Posts tagged ·

man

·...

Alcazar Window

no comments
Alcazar Window, Original Painting of Seville, by Jenny Armtiage

Alcazar Window (watercolor 11 x 19) $300


Or purchase a fine art print.

SociBook del.icio.us Digg Facebook Google Yahoo Buzz StumbleUpon

Morning in Toledo

no comments
Toledo Morning, an Original Painting of Spain by Jenny Armitage

Toledo Morning (watercolor 14 x 22) $600

The streets of Toledo are shaded by canvas sails and lit by hanging lanterns.

Or purchase a fine art print.

SociBook del.icio.us Digg Facebook Google Yahoo Buzz StumbleUpon

Breaktime Caceres

no comments
Break Time Caceres an Original Painting by Jenny Armitage

Break-time Caceres (watercolor 11 x 13) $300

This is old town Caceres.

Or purchase a fine art print.

SociBook del.icio.us Digg Facebook Google Yahoo Buzz StumbleUpon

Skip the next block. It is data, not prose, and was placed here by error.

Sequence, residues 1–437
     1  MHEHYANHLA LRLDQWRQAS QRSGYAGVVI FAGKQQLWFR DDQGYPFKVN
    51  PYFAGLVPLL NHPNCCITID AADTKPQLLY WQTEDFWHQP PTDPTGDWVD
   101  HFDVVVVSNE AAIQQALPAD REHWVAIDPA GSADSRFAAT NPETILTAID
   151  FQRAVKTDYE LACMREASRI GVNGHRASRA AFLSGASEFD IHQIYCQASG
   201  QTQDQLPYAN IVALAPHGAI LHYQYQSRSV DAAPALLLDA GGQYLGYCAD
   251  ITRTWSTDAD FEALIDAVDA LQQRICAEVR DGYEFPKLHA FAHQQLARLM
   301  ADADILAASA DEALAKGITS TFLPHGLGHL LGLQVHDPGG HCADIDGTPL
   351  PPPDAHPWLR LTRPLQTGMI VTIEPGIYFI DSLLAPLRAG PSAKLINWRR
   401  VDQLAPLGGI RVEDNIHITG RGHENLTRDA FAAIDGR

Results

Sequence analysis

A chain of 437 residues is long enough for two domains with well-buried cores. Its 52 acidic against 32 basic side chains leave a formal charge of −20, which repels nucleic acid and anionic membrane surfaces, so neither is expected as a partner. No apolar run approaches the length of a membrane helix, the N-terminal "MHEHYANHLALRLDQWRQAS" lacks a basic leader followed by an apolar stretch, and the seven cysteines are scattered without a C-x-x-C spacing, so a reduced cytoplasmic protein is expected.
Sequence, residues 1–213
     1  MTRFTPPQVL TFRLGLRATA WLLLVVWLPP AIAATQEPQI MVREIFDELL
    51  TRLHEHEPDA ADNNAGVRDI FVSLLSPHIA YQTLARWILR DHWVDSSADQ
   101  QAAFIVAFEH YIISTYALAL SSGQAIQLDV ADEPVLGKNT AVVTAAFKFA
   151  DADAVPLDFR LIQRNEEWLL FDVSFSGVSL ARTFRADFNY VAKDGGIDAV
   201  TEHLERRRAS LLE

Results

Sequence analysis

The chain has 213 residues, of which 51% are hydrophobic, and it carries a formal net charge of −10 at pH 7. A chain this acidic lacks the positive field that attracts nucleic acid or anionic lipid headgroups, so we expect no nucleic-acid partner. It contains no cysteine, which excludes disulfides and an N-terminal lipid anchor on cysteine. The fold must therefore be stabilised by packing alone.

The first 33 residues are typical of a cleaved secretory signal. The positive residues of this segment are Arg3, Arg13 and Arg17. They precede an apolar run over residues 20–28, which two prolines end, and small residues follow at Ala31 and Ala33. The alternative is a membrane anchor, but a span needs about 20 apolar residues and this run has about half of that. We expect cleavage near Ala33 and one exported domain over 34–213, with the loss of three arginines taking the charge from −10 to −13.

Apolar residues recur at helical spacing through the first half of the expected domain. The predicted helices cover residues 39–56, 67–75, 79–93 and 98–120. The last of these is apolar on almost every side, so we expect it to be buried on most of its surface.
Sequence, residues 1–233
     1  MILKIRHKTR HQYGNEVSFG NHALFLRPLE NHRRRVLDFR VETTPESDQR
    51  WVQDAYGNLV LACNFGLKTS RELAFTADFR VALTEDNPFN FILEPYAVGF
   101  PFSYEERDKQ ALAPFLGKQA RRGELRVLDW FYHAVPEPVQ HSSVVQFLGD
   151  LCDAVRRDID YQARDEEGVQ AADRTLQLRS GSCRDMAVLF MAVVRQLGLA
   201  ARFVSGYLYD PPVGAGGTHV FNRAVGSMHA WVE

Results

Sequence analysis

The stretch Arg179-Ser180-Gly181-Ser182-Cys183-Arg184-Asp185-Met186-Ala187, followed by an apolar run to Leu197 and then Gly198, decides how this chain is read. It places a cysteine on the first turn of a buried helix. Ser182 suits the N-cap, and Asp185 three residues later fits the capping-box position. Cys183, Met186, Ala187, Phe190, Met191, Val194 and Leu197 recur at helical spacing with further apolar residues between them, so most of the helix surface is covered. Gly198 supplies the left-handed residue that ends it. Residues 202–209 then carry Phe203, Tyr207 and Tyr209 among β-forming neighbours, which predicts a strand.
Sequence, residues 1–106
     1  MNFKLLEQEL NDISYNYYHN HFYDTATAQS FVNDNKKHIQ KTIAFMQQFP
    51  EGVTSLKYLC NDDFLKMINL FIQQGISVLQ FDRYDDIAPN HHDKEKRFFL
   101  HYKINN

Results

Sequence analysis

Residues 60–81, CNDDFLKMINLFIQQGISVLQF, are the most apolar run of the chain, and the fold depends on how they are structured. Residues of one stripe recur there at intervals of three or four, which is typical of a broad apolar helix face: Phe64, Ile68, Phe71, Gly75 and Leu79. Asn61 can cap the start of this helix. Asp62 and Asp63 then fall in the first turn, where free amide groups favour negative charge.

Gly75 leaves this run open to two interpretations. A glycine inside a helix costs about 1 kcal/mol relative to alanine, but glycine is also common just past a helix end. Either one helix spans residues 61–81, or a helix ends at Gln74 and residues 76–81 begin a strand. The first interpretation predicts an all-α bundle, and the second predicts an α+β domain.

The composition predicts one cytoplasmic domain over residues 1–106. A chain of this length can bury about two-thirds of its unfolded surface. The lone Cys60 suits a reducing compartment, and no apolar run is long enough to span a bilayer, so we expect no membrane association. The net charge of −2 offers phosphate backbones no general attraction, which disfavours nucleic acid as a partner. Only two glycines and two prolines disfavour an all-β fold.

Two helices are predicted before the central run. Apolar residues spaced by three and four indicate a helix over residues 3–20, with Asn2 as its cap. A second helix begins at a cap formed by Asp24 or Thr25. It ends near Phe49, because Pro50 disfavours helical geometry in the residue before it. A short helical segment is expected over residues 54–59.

Biting Off More Than I Can Chew: Demonstrating

no comments

I have difficulty painting in public. I never paint my best or even close to my best with an audience. Even at the gallery where people wander in and out infrequently, I have a hard time with painting in company. I don’t blush or drop my brush. But I don’t concentrate as well as I do in private. And I make fundamental errors more frequently.

But I must learn to paint in public and soon. And what is more I must be able to talk about it while I do it, because this coming August I have agreed to demonstrate painting and sculpture at the Artisan’s Village in the Oregon State Fair.